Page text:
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Bicycle Infrastructure

Londoners Take to the Streets — on Cycles

london_cycle.jpg

Via the blog of Stuart Hughes, a BBC journalist who lost part of his leg in Iraq while on assignment in 2003 and who is an avid cyclist, come a few interesting links regarding cycling in London. First, a BBC story on the skyrocketing popularity of biking both for recreation and commuting in London, a rise that has coincided with a decreasing injury and fatality rate for cyclists:

The number of people cycling in London has risen 83% in the last seven years, mayor Ken Livingstone has revealed. Figures from Transport for London (TfL) showed almost half-a-million journeys are made by bike in London every day.

The number of cyclists killed or seriously injured on London's roads had fallen 28% since March 2000, TfL said.

On Tuesday Mr Livingstone launched a television advertising campaign, "You're better off by bike" to encourage more people to take to the saddle. He said: "London is experiencing a cycling renaissance. We can now justifiably call ourselves a cycling city, a proposal that would have seemed ridiculous just six years ago."

He put the popularity of cycling down to record investment, a growing network of cycle and bus lanes and the increased confidence of riders.

Confidence that might well have something to do with streets that flow more freely thanks to congestion pricing.

Unfortunately, the soaring popularity of bicycles in the UK has made them more desirable to the country's criminal element as well. This rise in criminal activity prompted one Member of Parliament to call for Sharia law to be applied to bicycle thieves.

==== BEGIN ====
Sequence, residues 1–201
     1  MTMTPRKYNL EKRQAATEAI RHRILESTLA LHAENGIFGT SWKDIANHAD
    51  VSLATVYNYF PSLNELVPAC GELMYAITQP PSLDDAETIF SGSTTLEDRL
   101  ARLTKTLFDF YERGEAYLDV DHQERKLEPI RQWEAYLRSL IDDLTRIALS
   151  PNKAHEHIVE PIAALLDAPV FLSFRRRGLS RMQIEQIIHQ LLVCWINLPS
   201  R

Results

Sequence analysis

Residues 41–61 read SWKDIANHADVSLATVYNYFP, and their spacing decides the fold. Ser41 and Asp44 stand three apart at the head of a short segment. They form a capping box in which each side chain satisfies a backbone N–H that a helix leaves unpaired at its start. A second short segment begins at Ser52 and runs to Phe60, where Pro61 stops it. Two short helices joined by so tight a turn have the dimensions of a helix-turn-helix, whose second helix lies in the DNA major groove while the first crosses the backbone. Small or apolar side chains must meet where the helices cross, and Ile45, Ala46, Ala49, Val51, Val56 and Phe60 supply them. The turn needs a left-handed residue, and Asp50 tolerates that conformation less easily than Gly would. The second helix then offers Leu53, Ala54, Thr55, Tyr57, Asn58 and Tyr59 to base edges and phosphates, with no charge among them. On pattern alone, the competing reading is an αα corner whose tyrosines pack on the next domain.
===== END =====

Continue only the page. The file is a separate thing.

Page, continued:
A bit extreme perhaps. Not nearly so radical is the London Evening Standard's call for safer cycling conditions (not available online, but Hughes helpfully uploaded it). The Standard's plan has some interesting elements that we in New York could perhaps add to our own wish list:

    • Better cycle lanes with proper segregation
    • Enforcement of special advanced stop lines for cyclists
    • HGVs [Heavy Goods Vehicles] to be fitted with special cyclist safety mirrors
    • Compulsory cyclist awareness training for all bus drivers and new HGV drivers
    • Fewer one-way systems which funnel cyclists into the middle of traffic
    • More cycle parking across London
    • A police crackdown on bike theft
    • Make safe the Thames bridges: some of the most dangerous places for cyclists
    • Better cycle-bus-rail coordination: adequate parking at all railway stations
    • Cycle training for all schoolchildren and any adult who wants it

Photo: Drift Words via flickr

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